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Turkish court charges Vice News journalists with ‘aiding’ ISIS terrorists
Human-rights groups have called on Turkey to release the journalists.
Turkish court rules to arrest British journalists Mohammed Ismael Rasool, Jake Hanrahan and Philip John Pendlebury for “aiding ISIL.”
— Mahir Zeynalov (@MahirZeynalov) August 31, 2015
British journalists Philip John Pendlebury and Jake Hanrahan and their Turkish translator, Mohammed Ismael Rasool, were arrested on Aug. 27 while reporting from Diyarbakir, Turkey’s predominantly Kurdish region. Initial reports said that they were arrested for reporting without government approval, though some local reporters say that information may be incorrect.
The Diyarbakir area, located in southeast Turkey, has seen clashes between Turkish security forces and members of the Kurdish Workers Party, PKK, which has been involved in periodic armed conflicts with the government for decades. The journalists allegedly interviewed PKK members and Islamic State militants, which local reports said was the reason for their arrest. But the details remain unclear and unconfirmed.
Turkish law allows prosecutors to charge a person with terrorism for not portraying the PKK as a terrorist organization.
“They were detained at a sensitive area for questioning,” a senior Turkish official told Al Jazeera. “It was hard to understand who is what in that particular area where there were security issue going on.”
The official reportedly said that “if there are no illegal findings about them, it is likely that they will be released.”
A Vice News spokesman said in a statement Friday that the publication was “working closely with the relevant authorities to secure their immediate release.”
A number of human-rights groups have called for the journalists’ release, including Amnesty International, which said their arrest was “wrong” and called claims that they were aiding the Islamic State, also known as ISIS or ISIL, “unsubstantiated, outrageous, and bizarre.”
“This is yet another example of the Turkish authorities suppressing the reporting of stories that are embarrassing to them. They should release the journalists immediately,” Andrew Gardner, Amnesty’s Turkey researcher, said in a statement.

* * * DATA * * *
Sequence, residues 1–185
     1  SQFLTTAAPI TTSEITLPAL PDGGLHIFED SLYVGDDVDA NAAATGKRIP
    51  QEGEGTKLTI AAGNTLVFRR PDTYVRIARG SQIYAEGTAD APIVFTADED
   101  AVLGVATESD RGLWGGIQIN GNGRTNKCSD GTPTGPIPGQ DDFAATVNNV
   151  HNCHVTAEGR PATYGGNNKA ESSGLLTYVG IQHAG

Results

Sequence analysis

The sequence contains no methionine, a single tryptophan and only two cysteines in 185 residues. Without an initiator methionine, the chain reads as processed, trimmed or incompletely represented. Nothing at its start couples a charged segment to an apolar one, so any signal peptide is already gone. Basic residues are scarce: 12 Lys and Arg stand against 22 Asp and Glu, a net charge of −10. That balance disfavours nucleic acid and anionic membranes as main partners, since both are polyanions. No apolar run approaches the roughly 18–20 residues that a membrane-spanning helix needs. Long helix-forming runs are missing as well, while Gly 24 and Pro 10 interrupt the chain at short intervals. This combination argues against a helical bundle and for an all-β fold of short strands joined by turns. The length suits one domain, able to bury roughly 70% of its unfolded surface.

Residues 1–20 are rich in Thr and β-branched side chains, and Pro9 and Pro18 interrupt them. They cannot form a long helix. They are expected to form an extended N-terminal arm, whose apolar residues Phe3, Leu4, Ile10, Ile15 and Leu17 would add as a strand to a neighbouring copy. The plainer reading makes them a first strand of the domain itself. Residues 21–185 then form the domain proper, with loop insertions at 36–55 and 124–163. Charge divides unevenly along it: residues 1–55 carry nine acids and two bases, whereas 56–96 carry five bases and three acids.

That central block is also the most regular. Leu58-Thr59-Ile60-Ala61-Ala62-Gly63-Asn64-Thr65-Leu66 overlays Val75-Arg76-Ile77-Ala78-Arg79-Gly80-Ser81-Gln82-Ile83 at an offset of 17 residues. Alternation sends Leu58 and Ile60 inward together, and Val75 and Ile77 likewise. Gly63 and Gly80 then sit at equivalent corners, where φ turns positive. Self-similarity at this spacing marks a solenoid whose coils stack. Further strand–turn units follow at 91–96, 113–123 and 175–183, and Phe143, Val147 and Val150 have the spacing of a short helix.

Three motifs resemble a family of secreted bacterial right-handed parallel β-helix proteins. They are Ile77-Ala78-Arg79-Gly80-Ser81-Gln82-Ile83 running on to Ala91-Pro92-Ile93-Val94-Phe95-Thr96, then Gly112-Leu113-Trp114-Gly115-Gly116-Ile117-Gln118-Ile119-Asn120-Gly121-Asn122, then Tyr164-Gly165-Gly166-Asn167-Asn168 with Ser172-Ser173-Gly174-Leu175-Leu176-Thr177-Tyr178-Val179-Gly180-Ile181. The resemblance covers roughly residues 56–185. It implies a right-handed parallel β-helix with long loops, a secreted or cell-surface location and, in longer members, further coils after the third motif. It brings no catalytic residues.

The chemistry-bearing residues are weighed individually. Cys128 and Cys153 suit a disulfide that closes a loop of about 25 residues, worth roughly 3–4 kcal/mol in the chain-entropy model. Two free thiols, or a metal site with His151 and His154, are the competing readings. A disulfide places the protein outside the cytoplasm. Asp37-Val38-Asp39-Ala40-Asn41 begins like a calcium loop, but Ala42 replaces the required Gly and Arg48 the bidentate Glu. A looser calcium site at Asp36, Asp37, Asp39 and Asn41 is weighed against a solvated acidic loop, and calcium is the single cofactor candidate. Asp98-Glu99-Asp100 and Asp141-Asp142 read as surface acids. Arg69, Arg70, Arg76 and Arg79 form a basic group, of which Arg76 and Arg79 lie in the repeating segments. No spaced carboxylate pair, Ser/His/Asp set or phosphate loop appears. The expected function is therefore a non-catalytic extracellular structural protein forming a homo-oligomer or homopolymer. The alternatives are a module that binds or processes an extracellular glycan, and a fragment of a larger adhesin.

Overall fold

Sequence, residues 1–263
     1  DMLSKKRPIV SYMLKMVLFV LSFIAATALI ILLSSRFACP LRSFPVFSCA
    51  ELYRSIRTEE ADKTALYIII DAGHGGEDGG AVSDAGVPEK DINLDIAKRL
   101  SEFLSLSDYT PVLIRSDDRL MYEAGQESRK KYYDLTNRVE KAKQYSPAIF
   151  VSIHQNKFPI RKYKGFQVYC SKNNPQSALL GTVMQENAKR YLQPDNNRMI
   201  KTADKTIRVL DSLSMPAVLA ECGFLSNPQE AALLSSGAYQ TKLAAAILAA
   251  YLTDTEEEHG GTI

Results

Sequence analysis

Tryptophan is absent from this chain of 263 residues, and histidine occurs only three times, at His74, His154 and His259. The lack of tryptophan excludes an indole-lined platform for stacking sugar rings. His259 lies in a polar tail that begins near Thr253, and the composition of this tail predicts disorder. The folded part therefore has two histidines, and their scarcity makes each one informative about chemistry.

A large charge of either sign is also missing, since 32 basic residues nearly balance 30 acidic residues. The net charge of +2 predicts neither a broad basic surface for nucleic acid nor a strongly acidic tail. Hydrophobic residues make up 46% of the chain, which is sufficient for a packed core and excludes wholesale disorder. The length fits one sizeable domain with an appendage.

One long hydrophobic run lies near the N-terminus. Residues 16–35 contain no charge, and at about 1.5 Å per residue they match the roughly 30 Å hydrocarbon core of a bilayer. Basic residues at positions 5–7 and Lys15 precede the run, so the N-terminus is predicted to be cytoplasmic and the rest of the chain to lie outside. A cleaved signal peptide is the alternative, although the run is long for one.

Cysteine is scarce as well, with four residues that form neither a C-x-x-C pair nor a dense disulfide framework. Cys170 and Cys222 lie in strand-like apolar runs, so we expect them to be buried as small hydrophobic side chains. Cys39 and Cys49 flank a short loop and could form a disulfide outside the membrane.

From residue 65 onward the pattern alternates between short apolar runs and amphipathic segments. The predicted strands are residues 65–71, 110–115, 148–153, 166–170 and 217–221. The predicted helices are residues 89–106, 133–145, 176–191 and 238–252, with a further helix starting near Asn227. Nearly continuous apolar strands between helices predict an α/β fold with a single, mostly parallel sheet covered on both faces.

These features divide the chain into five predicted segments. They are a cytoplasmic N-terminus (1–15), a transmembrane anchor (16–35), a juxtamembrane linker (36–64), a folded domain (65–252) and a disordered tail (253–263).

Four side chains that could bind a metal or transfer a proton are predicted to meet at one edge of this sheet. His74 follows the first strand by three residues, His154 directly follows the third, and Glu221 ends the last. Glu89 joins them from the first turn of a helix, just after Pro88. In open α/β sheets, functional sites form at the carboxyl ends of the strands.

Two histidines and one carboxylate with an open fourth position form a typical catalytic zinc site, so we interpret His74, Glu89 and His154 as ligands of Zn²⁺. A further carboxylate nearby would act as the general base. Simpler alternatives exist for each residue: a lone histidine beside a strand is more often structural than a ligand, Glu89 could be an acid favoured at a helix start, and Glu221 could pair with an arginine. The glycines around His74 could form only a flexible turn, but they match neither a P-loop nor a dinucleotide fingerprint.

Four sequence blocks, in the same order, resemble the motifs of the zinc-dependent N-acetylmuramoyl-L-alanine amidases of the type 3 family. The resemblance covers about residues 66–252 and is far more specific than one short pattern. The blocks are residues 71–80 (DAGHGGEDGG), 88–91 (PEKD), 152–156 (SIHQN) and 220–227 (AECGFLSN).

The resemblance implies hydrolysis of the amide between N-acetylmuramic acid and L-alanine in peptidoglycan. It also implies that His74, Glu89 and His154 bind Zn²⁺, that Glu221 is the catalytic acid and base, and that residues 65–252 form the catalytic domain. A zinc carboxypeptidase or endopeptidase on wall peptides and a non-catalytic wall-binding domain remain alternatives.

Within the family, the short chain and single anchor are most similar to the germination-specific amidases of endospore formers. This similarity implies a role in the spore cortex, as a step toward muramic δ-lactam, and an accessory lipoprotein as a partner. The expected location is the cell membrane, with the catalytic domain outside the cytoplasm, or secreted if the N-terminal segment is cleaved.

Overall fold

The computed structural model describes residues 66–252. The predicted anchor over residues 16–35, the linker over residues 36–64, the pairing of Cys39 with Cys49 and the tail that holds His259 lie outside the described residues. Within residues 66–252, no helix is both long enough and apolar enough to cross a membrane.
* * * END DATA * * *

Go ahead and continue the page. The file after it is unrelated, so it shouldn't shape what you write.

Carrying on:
“The decision to detain the journalists was wrong, while the allegation of assisting Islamic state is unsubstantiated, outrageous and bizarre.”
“It is completely proper that that journalists should cover this important story,” Gardner said. “The decision to detain the journalists was wrong, while the allegation of assisting Islamic State is unsubstantiated, outrageous and bizarre.”
The Committee to Protect Journalists also condemned Hanrahan, Rasool, and Pendlebury’s arrest and said that the need to cover the clashes in Diyarbakir was “of public interest to both domestic and international audiences.”
“We call on Diyarbakir authorities to immediately release Jake Hanrahan, Philip Pendlebury, and their fixer, and allow them to continue working in the region,” Nina Ognianova, CPJ’s program coordinator for Europe and Central Asia, said in a statement. “The renewed clashes between Turkish security forces and Kurdish separatists in the volatile southeast are of public interest to both domestic and international audiences. Authorities ought to protect, not gag journalists on the job.”
Turkish President Recep Tayyip Erdoğan has tightened his grip on journalists with far-reaching censorship measures. In July, for example, the government censored social media and news reports following a deadly bombing in the city of Suruç. Three months earlier, the government instituted similar censorship on social media.
Efe Kerem Sozeri contributed to this report.
Photo via BijiKurdistan/Flickr (CC BY 2.0)
Andrew Couts is the former editor of Layer 8, a section dedicated to the intersection of the Internet and the state—and the gaps in between. Prior to the Daily Dot, Couts served as features editor and features writer for Digital Trends, associate editor of TheWeek.com, and associate editor at Maxim magazine. When he’s not working, Couts can be found hiking with his German shepherds or blasting around on motorcycles.